The UNDRR-ISC Sendai Hazard Definition and Classification Review Technical Report was officially launched online on 29 July 2020 with John Schneider participating in a high-level panel discussion led by Mami Mitzutori, UN Special Representative for DRR, and Heidi Hackman, CEO of the International Science Council. John was also a member of the report’s technical working group, chaired by Virginia Murray, UK Department of Public Health, where his principal contribution was to review and revise the final report.
Accompanying the report are 318 Hazard Information Profiles (HIPs), which were written and reviewed through the contributions of over 500 hundred technical experts globally. GEM took primary responsibility for the development of HIPs for Earthquake and associated subhazards, with GEM scientists Richard Styron, Kendra Johnson and Robin Gee authoring HIPs for ground shaking, liquefaction, surface rupture/fissuring, and subsidence and uplift.
The report was developed in response to the challenge of the broad and complex nature of hazards which lack standardized definitions across the world. Standardization and clarification are needed to allow hazard and risk information to be combined and compared, and disaster information to be managed, and accordingly to enhance risk reduction policies and operational risk management practices. The hazard definition project identified the full scope of hazards relevant to the Sendai Framework and developed descriptive and practical definitions of these hazards.
John Schneider, GEM Secretary General, participated in the launch to share insights on behalf of the hazard scientific community said, “A significant achievement of this project was to bring the hazard science community together in the context of assessing and understanding risk to inform the global agendas for sustainability, risk reduction and adaptation. In order to do so, it was necessary to broaden the definition of hazards to include human activities.”
He further added, “…the hazard definition process demonstrated the importance of linking institutions and networks within an international framework. This framework is necessary to maintain and support the monitoring, analysis, maintenance and dissemination of information. The definition is simply the starting point for that institutional ownerships of hazards, and the definitions are the first step in developing a coordinated process, in developing open and accessible databases, and in developing ultimately consistent guidelines, methodologies and interoperability standards.”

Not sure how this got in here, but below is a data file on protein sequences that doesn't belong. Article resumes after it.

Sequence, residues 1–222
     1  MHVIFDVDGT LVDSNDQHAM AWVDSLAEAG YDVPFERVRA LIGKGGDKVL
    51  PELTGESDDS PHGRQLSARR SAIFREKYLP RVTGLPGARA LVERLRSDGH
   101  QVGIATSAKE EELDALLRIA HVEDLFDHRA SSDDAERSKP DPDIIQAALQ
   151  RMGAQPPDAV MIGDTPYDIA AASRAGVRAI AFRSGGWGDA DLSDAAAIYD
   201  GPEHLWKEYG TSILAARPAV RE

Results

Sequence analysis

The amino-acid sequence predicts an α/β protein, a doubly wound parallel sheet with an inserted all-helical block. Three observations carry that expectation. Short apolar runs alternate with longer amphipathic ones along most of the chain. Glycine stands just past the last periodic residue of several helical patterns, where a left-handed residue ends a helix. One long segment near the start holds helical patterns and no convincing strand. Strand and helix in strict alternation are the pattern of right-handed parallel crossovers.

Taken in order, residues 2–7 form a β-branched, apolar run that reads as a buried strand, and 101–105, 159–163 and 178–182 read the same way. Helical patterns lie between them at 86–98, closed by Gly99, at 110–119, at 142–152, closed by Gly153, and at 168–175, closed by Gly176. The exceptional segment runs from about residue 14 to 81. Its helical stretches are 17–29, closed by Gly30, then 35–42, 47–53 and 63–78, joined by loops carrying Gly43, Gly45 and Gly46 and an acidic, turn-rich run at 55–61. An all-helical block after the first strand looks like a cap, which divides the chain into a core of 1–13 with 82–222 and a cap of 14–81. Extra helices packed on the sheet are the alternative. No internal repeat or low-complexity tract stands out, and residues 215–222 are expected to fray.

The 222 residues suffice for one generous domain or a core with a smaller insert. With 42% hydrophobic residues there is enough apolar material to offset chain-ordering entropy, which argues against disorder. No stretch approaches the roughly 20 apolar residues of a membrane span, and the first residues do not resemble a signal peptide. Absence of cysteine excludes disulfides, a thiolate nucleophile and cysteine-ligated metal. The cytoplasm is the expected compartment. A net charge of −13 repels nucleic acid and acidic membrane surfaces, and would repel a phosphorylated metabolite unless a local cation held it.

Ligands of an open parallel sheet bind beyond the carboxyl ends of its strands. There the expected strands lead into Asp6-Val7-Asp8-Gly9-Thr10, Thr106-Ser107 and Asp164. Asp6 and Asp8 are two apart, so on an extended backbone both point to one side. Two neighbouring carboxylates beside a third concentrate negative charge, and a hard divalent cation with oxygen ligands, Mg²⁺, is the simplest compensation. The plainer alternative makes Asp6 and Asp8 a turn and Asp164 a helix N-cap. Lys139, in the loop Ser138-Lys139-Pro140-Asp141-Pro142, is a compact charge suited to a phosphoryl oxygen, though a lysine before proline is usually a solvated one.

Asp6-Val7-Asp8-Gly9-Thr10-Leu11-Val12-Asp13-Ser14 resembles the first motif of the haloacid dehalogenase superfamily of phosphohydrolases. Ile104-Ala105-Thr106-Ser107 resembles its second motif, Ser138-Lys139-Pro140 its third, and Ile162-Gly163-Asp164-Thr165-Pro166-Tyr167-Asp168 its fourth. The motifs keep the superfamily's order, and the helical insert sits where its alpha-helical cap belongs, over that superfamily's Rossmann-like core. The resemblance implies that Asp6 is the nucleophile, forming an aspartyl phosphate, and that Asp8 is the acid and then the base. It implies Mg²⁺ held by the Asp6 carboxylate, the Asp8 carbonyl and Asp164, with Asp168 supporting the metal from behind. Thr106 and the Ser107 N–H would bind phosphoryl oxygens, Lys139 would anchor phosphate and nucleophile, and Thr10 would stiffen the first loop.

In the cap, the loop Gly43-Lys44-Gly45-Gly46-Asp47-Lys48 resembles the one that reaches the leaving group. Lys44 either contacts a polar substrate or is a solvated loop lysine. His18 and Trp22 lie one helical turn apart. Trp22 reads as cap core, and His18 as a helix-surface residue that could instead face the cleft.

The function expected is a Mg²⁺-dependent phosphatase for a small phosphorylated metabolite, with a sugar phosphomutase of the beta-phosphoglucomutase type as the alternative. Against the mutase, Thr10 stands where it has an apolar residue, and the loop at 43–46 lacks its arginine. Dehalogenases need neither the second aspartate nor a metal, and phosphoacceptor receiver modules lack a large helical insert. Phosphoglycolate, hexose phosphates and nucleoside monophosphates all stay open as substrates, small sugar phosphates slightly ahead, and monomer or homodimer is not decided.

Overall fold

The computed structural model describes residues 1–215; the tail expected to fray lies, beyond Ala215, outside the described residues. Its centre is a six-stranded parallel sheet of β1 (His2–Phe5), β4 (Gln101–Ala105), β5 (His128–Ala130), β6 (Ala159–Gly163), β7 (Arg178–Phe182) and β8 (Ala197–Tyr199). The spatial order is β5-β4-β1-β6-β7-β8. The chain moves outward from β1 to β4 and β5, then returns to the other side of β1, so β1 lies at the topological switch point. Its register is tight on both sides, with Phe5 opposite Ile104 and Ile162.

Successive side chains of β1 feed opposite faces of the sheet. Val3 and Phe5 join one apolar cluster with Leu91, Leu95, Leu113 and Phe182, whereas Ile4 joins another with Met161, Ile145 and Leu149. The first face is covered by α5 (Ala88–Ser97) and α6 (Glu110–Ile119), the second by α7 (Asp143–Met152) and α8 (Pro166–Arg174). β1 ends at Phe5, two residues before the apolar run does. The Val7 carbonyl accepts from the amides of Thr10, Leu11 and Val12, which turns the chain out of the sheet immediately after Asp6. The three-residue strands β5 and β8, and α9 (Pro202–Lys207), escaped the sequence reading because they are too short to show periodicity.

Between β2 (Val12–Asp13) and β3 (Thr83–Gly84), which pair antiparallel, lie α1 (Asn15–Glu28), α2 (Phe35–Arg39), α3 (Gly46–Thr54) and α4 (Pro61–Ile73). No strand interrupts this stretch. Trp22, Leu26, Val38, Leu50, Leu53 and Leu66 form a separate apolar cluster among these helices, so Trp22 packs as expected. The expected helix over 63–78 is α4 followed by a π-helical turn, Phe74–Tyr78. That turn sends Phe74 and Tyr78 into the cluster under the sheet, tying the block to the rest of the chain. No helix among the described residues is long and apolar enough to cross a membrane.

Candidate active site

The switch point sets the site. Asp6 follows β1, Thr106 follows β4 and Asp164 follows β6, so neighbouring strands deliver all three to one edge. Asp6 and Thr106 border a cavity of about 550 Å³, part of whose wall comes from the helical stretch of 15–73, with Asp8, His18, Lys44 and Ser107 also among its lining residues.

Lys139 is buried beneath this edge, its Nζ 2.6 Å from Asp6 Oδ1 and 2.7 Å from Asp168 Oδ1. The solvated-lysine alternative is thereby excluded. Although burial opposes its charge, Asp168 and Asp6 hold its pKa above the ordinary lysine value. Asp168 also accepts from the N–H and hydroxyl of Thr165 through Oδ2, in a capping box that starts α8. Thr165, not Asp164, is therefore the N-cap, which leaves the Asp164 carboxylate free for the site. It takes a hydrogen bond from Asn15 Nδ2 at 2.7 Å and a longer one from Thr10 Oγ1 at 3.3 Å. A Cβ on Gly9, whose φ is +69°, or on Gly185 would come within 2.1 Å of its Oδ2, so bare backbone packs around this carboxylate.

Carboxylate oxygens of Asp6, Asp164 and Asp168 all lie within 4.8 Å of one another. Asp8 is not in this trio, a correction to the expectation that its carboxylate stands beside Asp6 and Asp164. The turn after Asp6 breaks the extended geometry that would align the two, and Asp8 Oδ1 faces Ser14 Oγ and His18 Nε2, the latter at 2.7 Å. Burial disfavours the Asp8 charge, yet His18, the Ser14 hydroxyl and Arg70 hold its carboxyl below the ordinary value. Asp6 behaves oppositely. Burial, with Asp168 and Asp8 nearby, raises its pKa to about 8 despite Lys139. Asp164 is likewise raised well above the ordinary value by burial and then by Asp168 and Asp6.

“It also meant integrating traditional geological and hydrometeorological hazards which many of us in the DRR community were most familiar with. Together with technological, health, social disruption and environmental degradation, the resulting definitions provide part of the common language for understanding risk to society and provide the basis for developing information methodologies and tools for assessing and understanding risk.” John’s full speech is available here.
The new report is an important stepping stone for the international community to achieve sustainable development within an increasingly complex, interconnected and systemic risk landscape.
One of the key themes to come out of the webinar was the need for science, policy, community and the private sector to work together to achieve the goals of the Sendai Framework. The webinar launched and presented the detailed report, including six targeted recommendations.
To watch the webinar, click here.
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